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Expectations for BoE June rate cut hurt by lower than expected drop in UK inflation in April

Consumer prices in Britain rose by 2.3% year on year in April, in a sharp decline from 3.2% increase in March and hit the lowest in nearly three years (CPI was at 2.0% in July 2021) but missed expectations for 2.1% increase.

Month on month inflation rose by 0.3% last month, registering significant drop from 0.6% increase in March, but also missed forecast for 0.2% increase.

Core inflation, stripped for the most volatile food, energy and tobacco components, increased by 0.9% month on month in April, compared to 0.6% rise in March and overshot consensus for 0.7% increase.

Annualized core CPI was marginally down from 4.2% in March, showing increase of 3.9% last month and disappointed wide expectations for stronger slowdown (economists expected annualized core CPI to increase by 3.6% in April).

Services inflation, BoE’s key gauge of domestically generated price pressure, ticked down to 5.9% from 6.0% in March, while economists expected it to rise by 5.5%.

Smaller than expected drop in inflation last month, persistently elevated core measure and much higher than expected services inflation, generate fresh negative signals and darken outlook for a rate cut in June, while the latest disappointing data also negatively impact the position of Prime Minister Sunak, ahead of election this year.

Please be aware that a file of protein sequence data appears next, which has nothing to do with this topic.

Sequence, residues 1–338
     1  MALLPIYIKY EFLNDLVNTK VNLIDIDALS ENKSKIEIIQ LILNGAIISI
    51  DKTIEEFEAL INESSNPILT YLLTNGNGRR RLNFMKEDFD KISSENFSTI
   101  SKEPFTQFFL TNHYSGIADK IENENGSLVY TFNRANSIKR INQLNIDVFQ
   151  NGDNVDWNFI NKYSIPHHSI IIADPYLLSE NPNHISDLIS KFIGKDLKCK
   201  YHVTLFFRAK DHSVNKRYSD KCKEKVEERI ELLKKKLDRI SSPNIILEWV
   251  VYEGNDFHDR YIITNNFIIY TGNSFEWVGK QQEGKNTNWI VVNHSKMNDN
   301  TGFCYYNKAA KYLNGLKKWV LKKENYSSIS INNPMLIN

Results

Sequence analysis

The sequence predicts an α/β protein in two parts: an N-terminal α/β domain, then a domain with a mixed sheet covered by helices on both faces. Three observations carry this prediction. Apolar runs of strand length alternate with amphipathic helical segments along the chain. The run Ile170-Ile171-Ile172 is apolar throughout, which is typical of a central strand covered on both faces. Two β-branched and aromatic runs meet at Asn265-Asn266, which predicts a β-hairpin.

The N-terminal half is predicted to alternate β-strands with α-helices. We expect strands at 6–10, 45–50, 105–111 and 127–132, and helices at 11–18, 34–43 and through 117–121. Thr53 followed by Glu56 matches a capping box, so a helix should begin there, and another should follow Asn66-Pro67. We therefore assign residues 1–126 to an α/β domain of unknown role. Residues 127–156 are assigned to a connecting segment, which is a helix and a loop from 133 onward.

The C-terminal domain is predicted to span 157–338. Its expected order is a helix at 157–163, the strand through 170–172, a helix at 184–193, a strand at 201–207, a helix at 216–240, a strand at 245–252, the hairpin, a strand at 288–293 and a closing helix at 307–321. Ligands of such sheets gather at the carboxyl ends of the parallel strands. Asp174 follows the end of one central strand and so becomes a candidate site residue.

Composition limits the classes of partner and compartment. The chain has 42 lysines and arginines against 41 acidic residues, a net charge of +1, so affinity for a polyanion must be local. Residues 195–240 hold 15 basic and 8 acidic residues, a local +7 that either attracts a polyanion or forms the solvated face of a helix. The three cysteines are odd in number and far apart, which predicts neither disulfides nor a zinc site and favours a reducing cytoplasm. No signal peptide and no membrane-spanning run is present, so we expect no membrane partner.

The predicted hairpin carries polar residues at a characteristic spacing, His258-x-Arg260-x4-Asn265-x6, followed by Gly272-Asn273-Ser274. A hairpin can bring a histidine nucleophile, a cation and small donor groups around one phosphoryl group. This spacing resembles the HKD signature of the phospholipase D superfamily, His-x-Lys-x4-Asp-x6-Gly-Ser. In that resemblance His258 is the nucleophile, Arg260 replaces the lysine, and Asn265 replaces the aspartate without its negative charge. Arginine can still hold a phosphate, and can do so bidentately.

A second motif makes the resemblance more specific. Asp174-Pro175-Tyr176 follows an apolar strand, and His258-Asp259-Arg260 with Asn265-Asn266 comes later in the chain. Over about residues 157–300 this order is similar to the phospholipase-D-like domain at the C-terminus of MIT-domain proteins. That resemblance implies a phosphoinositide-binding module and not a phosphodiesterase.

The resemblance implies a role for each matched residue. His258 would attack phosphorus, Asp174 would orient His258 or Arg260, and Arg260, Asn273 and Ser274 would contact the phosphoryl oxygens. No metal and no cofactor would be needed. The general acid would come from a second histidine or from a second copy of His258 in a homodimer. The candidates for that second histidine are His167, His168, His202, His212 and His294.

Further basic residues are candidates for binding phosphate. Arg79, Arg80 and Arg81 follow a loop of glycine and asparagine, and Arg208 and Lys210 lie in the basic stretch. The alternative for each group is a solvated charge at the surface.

The position of the Bank of England became weaker after today’s data, which pushed the central bank one step behind on its way to bring inflation back to 2% target and also hurt bets for June rate cut, as disappointing numbers added to concerns of policymakers that growth in wages would further fuel inflationary pressures, despite the recent data from UK labor sector were in a way mixed.

Although that the latest UK CPI data show that Britain has a lower rate of inflation than the United States and a number of G7 countries, Britain keeps poor rank among the number of Western economies for its inflation record in past couple of years.

British pound jumped to the highest in two months against the US dollar, in immediate reaction to the economic data, which added to hawkish stance and revived the prospect that the British policymakers may opt for unchanged policy in June.

Cable cracked important technical barrier, though sustained break remains required to confirm fresh positive signal of continuation of a larger uptrend.